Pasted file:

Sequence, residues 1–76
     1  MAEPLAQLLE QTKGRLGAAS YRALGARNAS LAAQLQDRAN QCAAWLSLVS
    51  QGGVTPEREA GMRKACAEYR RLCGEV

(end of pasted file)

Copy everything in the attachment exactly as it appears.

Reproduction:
Sequence, residues 1–76
     1  MAEPLAQLLE QTKGRLGAAS YRALGARNAS LAAQLQDRAN QCAAWLSLVS
    51  QGGVTPEREA GMRKACAEYR RLCGEV